Headlines: November 20, 2018
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A shooter at a Chicago hospital on Monday took the lives of four people including his own. Thirty two year old Juan Lopez, apparently motivated by a broken engagement to a doctor at Mercy Hospital, showed up Monday with a gun and killed Dr. Tamara O’Neal with multiple bullets, standing over her as he did so. A 25-year old pharmacy student and a police officer just two years on the job were also killed. Witnesses spoke to press about the terror they felt.
Doctors who deal with trauma from gun violence are taking on the National Rifle Association. A recent Twitter battle broke out between the group pushing for more guns and those whose job it is to save the lives of those hurt by guns, when the NRA told “anti-gun” doctors to, “stay in their lane.” On Monday a group of doctors published an editorial in the Annals of Internal Medicine entitled, “Firearm Injury Prevention: AFFIRMing That Doctors Are in Our Lane.” The three authors wrote, “Firearm-related injury in the United States is a public health crisis,” and cited a collaboration with a research group called AFFIRM to study gun violence. They added, “Doctors have a responsibility as health care professionals and scientists to seek the answers to questions related to health and safety. And we won’t be silenced in using what we learn to better care for our patients.”
In the latest on the fires in California, officials have updated the death toll in the northern Camp Fire alone to 79. The number of missing is currently 699. Meanwhile rain is expected this week in the northern part of the state, which could bring relief to the dry areas, but also trigger dangerous mudslides and flash flooding in areas stripped bare of brush and vegetation. Two law firms in Butte County have a filed class-action lawsuit against PG&E, the statewide utilities company that may have had a hand in the Camp Fire through faulty power lines. According to the Los Angeles Times, “The lawsuit alleges PG&E has failed in the past to trim trees near power lines or proactively shut off power in hazardous fire conditions, and that the fire was preventable.” But Interior Secretary Ryan Zinke doesn’t blame PG&E or the conditions created by climate change. In an interview with the extremist rightwing outlet Breitbart News, Zinke blamed “environmental radicals.”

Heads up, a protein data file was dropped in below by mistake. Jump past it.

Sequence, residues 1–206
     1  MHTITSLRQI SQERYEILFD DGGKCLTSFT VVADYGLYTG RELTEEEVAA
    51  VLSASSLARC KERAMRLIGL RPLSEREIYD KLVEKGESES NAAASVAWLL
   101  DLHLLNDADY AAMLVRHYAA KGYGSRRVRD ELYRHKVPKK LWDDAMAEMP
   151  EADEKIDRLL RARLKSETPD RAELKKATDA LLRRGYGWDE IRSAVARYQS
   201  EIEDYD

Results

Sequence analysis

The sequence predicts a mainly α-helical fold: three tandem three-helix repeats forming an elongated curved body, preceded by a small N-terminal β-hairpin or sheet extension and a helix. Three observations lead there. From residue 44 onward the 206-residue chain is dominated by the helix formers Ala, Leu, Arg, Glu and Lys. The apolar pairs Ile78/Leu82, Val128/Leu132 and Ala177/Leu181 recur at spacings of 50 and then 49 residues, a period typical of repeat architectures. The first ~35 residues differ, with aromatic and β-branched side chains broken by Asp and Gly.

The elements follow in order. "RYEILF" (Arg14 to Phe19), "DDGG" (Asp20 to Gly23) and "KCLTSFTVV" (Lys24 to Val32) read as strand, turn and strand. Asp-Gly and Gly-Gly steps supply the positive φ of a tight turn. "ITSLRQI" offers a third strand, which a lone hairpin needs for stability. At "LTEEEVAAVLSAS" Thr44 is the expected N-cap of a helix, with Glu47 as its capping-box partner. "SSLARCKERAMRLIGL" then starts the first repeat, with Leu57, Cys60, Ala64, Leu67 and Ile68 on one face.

A federal judge has blocked the Trump administration’s new asylum rules. Judge Jon S. Tigar of San Francisco handed down a temporary restraining order against the government’s decision to not accept asylum applications from those people who cross the border into the US. The judge wrote, “Whatever the scope of the president’s authority, he may not rewrite the immigration laws to impose a condition that Congress has expressly forbidden.” President Trump had issued the new rules in response to the refugee caravan from Central America. He also deployed about 6,000 military troops to the US border with Mexico weeks before the midterm elections. On Monday Politico reported that those troops are now scheduled to return home, some as early as this week, even though most of the refugees have not yet arrived at the US border. The report was based on an interview with Army Lt. Gen. Jeffrey Buchanan who is overseeing the deployment. According to Politico, “On Tuesday, Buchanan’s command appeared to back peddle on his statement after critics of the deployment called the decision to wind it down so soon new evidence it was unnecessary in the first place.” The troop deployment cost taxpayers about $200 million.